Our post production class focused on sound effects and foley for our Star Wars this week, starting with footsteps and ending with me kissing my hand up close to a microphone. While the foley and other sound effects really made the short video clip feel more complete, it was the atmos(phere) and white noise that really interested me. We recorded a few minutes of SAE’s server room, with a 7 foot rack of cabling and patchbays with a noisy whirring fan at the top of it. We added some white noise at a low level to the entire recording, and continued to send different sounds to reverbs to create some space.


White technically we recorded a lot more effects and foley than atmos, and even with reverbs creating space, it was the atmos that tied it all together. With the help of the visual aid of the video, our brains can still psychoacoustically create depth and a sense of space. In recording music, we don’t have this. However, we still use room mics on drums so the drums don’t sound too dry and close-mic’d, and similarly on acoustic and even electric guitars to give different instruments different energy than a (usually) close mic that misses the way a sound does (or doesn’t) interact with the walls of the room it’s recorded in. Is atmos in music recording a technique? Similar to convolution reverbs or impulse responses? E.g. an atmos recording of a drum room with no drummer – or would this track be made void by the drum rooms mics?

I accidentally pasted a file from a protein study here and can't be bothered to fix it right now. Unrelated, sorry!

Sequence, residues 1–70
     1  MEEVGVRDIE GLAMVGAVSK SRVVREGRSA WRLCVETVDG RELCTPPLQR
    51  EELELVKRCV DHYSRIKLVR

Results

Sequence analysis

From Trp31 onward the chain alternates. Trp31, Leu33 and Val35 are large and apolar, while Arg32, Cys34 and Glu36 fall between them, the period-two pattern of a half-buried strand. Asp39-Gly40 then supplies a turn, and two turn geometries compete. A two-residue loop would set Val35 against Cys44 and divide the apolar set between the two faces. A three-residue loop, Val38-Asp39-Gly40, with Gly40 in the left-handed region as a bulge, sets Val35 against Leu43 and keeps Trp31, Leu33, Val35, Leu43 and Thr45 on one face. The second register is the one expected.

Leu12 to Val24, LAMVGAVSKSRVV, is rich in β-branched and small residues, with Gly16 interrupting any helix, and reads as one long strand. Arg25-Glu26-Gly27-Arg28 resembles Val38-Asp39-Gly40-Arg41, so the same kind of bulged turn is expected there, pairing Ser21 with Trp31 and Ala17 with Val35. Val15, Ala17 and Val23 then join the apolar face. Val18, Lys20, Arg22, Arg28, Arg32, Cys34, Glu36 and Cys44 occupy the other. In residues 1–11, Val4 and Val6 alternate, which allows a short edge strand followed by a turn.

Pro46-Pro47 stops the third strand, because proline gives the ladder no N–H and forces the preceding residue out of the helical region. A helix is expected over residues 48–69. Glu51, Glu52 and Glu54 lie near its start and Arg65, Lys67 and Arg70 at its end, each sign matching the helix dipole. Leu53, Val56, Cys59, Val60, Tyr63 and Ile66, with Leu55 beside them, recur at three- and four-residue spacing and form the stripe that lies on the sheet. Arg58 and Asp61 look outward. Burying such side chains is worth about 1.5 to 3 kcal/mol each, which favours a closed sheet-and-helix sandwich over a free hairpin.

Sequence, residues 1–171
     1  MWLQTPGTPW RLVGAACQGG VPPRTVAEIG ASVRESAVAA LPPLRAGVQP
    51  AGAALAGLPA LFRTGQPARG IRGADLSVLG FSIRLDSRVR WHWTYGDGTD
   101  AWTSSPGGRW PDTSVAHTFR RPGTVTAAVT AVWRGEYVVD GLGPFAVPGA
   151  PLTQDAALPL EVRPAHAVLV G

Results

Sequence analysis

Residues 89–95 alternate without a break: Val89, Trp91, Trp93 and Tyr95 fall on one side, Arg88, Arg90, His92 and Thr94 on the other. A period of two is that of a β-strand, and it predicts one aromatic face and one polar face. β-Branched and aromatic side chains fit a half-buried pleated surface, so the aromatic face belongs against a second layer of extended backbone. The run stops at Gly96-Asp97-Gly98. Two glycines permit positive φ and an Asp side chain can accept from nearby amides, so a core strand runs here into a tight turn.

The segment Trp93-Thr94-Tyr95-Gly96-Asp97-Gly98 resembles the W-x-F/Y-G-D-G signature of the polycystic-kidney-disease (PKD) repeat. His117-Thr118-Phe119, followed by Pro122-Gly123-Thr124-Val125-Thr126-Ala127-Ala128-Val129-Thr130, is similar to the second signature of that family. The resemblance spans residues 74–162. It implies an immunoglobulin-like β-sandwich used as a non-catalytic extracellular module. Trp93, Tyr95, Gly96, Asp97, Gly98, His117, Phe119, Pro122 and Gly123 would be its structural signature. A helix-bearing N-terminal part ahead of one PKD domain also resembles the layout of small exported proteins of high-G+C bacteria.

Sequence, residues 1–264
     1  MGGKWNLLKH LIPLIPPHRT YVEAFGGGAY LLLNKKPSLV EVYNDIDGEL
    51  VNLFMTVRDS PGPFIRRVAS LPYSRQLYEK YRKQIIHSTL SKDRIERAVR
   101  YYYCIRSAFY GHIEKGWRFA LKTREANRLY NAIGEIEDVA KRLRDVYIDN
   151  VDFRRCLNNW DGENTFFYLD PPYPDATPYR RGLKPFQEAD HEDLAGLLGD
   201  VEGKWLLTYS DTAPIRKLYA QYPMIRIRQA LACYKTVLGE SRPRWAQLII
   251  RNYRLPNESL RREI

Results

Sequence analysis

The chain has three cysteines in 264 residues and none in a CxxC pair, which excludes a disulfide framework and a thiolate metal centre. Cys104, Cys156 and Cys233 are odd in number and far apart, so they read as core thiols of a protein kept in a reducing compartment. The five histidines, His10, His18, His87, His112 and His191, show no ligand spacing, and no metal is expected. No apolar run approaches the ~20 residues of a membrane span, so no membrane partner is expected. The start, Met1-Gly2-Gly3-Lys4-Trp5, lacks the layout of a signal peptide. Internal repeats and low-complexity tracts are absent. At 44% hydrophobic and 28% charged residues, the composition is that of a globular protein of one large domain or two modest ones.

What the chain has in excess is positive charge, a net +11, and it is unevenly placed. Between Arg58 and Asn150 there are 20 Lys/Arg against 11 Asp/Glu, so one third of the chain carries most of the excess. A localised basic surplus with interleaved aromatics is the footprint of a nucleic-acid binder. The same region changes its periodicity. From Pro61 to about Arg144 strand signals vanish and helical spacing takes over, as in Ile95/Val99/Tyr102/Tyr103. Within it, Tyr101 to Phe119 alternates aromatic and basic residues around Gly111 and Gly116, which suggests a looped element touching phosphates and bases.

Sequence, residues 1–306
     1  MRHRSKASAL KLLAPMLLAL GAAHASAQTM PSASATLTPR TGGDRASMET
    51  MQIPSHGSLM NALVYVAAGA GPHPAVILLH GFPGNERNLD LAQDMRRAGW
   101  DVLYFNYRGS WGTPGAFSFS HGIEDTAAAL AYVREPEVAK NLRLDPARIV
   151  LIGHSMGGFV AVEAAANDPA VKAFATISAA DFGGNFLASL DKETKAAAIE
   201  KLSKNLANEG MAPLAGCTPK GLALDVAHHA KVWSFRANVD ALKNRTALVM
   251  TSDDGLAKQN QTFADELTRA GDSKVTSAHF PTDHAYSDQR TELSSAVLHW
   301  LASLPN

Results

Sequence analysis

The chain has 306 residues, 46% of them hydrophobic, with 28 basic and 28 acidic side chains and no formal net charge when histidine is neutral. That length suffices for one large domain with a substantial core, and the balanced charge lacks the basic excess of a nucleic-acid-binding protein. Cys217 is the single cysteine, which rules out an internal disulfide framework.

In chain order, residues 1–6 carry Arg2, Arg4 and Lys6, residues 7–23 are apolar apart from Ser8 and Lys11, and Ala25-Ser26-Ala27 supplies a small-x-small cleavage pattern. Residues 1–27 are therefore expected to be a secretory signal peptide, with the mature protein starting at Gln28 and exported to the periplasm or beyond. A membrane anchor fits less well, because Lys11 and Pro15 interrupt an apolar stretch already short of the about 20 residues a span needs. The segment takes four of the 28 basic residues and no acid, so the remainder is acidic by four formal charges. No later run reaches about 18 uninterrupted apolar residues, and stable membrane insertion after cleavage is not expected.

I’ve got a lot to think about it and plenty of, ahem… space to think about it.


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